Publication Date


Document Type


Committee Members

Chad Hammerschmidt (Advisor), Mark McCarthy (Committee Member), Silvia Newell (Committee Member)

Degree Name

Master of Science (MS)


Mercury (Hg) is a volatile element increasing in concentration in the environment as a result of anthropogenic emissions. Microorganisms can transform mercury into monomethylmercury (MMHg), the form of Hg that bioaccumulates, biomagnifies, and can harm humans and wildlife. Most studies of MMHg bioaccumulation in wildlife have focused on aquatic organisms due to consumption of fish being the primary route of human exposure to MMHg. However, organisms in terrestrial ecosystems also are exposed to MMHg that may impact ecosystem biodiversity, food-web dynamics, and organisms and ecosystem health. I investigated bioaccumulation and maternal transfer of MMHg in spotted salamanders (Ambystoma maculatum) captured from two locations in southern Ohio in 2016. Total length, weight, sex, and whole-body concentrations of MMHg were determined for 159 organisms. Spotted salamanders in southern Ohio bioaccumulated MMHg to concentrations (mean = 93 ± 33 ng/g dry wt.) comparable to those is other salamander species in other locations. MMHg concentrations in spotted salamander carcasses were unrelated to organism size. MMHg was maternally transferred to eggs, but concentrations in eggs were not strongly correlated with concentrations in associated maternal carcasses. MMHg concentrations in the distal 4 cm of tail were positively correlated with concentrations in spotted salamander carcasses, which provides a non-destructive sampling method for future screening and biomonitoring MMHg concentrations in these organisms. Due to their ubiquity, spotted salamanders may be useful bioindicators of MMHg bioaccumulation and cycling in forested ecosystems of southern Ohio, and by extension, other terrestrial ecosystems that they inhabit.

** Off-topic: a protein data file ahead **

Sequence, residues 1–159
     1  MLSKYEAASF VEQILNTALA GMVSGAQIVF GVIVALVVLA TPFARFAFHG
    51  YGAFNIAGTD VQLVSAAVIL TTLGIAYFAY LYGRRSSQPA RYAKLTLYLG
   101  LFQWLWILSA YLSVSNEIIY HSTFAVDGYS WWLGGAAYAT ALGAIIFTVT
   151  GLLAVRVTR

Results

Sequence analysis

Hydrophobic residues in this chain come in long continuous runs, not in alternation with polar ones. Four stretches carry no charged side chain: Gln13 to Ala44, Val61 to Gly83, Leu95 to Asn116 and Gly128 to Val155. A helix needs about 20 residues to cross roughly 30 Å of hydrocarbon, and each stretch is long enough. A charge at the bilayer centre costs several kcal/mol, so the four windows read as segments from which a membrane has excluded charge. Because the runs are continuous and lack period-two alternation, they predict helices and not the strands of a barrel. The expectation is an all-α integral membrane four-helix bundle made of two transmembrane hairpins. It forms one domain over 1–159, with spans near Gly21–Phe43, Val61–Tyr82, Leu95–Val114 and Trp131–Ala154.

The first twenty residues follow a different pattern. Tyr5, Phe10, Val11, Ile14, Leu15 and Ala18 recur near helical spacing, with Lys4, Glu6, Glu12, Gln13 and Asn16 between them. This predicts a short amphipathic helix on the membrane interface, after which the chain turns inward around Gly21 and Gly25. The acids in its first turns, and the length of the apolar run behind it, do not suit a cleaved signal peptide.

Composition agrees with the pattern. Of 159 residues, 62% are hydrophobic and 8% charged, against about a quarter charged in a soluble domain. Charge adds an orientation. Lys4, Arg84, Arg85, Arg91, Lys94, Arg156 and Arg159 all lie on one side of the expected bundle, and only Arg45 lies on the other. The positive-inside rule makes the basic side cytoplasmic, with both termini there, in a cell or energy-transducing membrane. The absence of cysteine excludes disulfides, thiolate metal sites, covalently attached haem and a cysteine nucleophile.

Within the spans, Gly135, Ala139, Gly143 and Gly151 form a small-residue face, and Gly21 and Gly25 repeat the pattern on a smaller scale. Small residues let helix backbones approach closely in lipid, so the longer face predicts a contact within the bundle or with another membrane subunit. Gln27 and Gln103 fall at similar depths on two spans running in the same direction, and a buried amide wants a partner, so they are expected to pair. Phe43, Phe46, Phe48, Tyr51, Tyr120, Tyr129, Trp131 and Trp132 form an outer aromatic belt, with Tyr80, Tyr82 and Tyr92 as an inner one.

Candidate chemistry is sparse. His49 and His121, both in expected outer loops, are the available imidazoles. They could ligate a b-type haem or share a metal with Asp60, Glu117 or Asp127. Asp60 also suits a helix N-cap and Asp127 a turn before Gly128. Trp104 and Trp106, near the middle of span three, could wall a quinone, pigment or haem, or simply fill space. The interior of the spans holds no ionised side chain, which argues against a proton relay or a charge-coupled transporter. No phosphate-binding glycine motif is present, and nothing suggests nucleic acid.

Page Count


Department or Program

Department of Earth and Environmental Sciences

Year Degree Awarded